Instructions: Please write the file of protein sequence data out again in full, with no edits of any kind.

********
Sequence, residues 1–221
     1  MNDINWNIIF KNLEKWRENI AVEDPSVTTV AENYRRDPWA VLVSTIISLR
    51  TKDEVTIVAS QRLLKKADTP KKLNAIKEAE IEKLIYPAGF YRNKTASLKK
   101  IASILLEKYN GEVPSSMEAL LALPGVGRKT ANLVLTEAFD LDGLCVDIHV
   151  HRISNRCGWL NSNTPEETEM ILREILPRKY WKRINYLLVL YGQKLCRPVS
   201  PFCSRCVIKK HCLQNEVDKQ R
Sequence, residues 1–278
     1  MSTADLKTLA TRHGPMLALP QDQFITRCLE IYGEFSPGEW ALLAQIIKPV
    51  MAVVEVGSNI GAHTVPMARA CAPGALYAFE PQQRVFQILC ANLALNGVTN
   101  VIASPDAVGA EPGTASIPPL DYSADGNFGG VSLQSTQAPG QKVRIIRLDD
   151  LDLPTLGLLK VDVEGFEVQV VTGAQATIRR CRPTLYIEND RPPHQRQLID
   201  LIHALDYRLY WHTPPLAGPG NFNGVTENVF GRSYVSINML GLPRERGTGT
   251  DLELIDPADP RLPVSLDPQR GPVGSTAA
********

Sequence, residues 1–221
     1  MNDINWNIIF KNLEKWRENI AVEDPSVTTV AENYRRDPWA VLVSTIISLR
    51  TKDEVTIVAS QRLLKKADTP KKLNAIKEAE IEKLIYPAGF YRNKTASLKK
   101  IASILLEKYN GEVPSSMEAL LALPGVGRKT ANLVLTEAFD LDGLCVDIHV
   151  HRISNRCGWL NSNTPEETEM ILREILPRKY WKRINYLLVL YGQKLCRPVS
   201  PFCSRCVIKK HCLQNEVDKQ R
Sequence, residues 1–278
     1  MSTADLKTLA TRHGPMLALP QDQFITRCLE IYGEFSPGEW ALLAQIIKPV
    51  MAVVEVGSNI GAHTVPMARA CAPGALYAFE PQQRVFQILC ANLALNGVTN
   101  VIASPDAVGA EPGTASIPPL DYSADGNFGG VSLQSTQAPG QKVRIIRLDD
   151  LDLPTLGLLK VDVEGFEVQV VTGAQATIRR CRPTLYIEND RPPHQRQLID
   201  LIHALDYRLY WHTPPLAGPG NFNGVTENVF GRSYVSINML GLPRERGTGT
   251  DLELIDPADP RLPVSLDPQR GPVGSTAA